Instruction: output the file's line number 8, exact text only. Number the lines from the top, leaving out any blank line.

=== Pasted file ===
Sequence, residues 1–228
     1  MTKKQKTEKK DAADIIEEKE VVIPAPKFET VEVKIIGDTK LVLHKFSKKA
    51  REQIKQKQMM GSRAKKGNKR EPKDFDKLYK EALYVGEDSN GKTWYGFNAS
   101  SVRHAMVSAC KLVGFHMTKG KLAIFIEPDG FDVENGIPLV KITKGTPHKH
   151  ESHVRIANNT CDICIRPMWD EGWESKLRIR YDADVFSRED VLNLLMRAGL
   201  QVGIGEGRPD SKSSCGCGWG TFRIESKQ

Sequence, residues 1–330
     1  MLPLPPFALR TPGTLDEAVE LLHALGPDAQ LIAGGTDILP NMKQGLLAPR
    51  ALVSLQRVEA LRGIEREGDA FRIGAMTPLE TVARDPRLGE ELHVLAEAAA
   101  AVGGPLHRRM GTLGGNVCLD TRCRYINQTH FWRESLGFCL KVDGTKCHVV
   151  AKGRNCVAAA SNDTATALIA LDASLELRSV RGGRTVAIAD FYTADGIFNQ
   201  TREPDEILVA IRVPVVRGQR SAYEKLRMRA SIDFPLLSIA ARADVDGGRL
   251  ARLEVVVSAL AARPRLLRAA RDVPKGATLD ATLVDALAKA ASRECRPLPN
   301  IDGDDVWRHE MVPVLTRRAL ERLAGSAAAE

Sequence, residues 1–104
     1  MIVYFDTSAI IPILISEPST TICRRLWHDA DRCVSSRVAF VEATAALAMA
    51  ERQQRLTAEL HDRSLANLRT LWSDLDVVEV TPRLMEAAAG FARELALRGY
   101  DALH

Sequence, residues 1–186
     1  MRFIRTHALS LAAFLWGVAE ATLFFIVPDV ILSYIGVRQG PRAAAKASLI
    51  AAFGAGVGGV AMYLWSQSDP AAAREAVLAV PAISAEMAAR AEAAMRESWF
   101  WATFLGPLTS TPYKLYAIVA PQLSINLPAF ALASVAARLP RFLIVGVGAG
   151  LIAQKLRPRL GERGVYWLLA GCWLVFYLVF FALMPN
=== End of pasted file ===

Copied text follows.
     1  MLPLPPFALR TPGTLDEAVE LLHALGPDAQ LIAGGTDILP NMKQGLLAPR